Sixty one percent of dog owners believe that caring for pets fulfills the need to parent, according to a survey of pet owners by the American Animal Hospital Association. But can pets really replace childen? Read on to hear from couples who say "Yes!""Our decision is so permanent, I've had my tubes tied," explains Linda Crider of Spokane, Washington.
Linda and husband Eric are part of a growing number of couples choosing pets over children to fulfill their nurturing needs. They've been married 17 years and refer to their two adopted dogs, Glacier and Wylie, as "kids" to reflect their sense of parental responsibility.
But how can pets take the place of children?
Sixty-one percent of dog owners believe that caring for pets fulfills a need to parent, according to a survey of pet owners by the American Animal Hospital Association. Sixty-nine percent said they give their pets as much attention as they would to their children and 54 percent said they felt an emotional dependence on their pets.
The suggestion is not that pets actually replace children, but they provide enough benefits and meet basic human needs to be a viable option for some couples.
"We can't imagine life without her," says Richard DeBow of Riverview, Florida. He and his wife, Sheila, think of Rhiannon, their 11-year-old Labrador, as their child. "When people ask us if we have any children, we tell them 'yes, a four-legged one'." The DeBows also admit to calling themselves Mommy and Daddy when speaking to her.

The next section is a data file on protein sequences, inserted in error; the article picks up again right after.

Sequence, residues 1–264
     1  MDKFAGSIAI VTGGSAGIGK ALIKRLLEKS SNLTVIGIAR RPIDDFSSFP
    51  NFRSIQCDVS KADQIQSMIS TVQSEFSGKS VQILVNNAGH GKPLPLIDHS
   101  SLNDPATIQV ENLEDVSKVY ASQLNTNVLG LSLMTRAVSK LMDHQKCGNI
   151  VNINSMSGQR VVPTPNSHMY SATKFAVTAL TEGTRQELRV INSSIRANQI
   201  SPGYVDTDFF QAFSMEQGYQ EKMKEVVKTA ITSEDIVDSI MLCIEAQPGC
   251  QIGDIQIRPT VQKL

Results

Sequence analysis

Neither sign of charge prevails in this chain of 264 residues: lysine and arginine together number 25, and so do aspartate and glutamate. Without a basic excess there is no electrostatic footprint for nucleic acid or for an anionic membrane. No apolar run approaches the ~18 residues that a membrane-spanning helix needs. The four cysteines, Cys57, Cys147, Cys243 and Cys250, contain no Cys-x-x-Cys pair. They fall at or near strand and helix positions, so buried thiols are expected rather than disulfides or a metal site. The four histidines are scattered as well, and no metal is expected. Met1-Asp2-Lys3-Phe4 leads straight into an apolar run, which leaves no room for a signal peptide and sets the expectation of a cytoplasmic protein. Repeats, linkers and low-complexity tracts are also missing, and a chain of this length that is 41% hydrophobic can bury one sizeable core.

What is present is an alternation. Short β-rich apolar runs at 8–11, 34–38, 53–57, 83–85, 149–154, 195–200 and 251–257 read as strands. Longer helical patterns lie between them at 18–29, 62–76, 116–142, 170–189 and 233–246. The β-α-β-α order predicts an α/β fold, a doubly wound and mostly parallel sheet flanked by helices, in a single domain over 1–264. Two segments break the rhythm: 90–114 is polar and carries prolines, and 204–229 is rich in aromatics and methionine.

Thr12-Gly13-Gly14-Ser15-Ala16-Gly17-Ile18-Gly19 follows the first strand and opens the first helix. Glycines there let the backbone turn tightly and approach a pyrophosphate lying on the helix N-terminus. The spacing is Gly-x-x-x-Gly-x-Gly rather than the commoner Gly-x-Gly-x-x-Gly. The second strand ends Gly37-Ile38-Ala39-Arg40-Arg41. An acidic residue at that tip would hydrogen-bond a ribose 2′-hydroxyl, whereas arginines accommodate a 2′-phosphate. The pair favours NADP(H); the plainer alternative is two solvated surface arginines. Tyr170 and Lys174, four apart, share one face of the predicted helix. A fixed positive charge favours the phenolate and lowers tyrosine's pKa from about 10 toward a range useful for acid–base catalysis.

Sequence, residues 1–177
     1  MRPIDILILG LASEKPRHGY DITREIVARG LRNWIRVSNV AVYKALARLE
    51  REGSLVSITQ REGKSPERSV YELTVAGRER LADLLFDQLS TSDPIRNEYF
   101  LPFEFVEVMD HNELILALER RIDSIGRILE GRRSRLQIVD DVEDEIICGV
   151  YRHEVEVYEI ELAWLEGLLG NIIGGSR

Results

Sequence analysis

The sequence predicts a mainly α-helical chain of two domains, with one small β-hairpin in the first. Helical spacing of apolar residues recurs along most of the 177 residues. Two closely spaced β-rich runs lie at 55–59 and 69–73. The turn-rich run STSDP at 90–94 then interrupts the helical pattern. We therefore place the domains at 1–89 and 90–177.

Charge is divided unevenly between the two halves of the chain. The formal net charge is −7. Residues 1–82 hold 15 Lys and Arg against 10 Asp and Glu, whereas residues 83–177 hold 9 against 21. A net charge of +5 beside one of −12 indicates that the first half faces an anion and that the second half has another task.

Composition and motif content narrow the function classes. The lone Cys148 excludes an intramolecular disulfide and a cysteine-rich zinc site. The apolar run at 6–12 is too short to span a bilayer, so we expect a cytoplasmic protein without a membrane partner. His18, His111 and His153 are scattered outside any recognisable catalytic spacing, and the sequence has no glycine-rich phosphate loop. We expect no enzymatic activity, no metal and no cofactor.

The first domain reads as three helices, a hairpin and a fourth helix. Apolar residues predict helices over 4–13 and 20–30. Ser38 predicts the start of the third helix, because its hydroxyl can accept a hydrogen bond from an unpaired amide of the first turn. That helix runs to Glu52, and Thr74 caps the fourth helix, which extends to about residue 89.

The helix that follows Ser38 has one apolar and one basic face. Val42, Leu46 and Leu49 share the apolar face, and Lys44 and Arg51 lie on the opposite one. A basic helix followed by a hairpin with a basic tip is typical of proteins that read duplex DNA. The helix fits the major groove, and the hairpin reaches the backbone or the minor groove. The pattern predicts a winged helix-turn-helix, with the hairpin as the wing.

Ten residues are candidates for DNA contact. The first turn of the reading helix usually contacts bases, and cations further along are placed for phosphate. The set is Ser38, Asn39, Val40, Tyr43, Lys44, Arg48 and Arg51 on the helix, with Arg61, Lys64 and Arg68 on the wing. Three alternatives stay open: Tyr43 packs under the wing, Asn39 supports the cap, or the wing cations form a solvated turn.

This begs the question, will pet parents be deprived of a love and satisfaction that can only be experienced through childrearing? Perhaps. But arguably what they don't know, they apparently don't miss, and what they do have, they cherish.
"She licks my whole head when I get home from work," beams DeBow. "That's what I have waiting for me each day." Rhiannon also snuggles in bed and comforts them if either one is feeling down, according to DeBow.
What about those proud, joyous occasions when parents finally see kids graduate, get married and have children of their own? The Criders point out that they enjoy greater freedom and satisfaction, less complications as pet parents. Perhaps that's a fair trade for some.
Kids and pets do issue similar challenges in rearing. Children and animals will both "test you" so you need to set limits and reinforce them consistently. And "time out" can work wonders on both two- and four-legged offenders. Some pets can be as finicky about their vittles as kids are about their vegetables. And both species need love, attention and stimulation to ensure healthy, well-balanced development.
Perhaps the biggest drawback to pet parenting is that animal companions are only with us for a short time--10 to 15 years, usually. But in that short time, they do satisfy the need to nurture and protect, and to love something that is uniquely part of you--even if not biologically.
"Our life is completely scheduled around their life," admits Koko Welty of Honolulu, Hawaii. "But they are so loveable and they make us laugh every day."
She and husband Gehry, are proud parents to Peach and Pumpkin, both pugs. They readily admit to changing their lifestyle for the dogs, worrying about them while away and sacrificing sleep to care for them as puppies.
But according to Koko, it's all worth it. "When they fall asleep in my arms in the middle of the night, I get a warm spot in my heart and think I will do anything for them so they can sleep peacefully every night."
"Isn't that what parents feel like?"
Like this article? Get more information on pet health by using our Pet Vet page!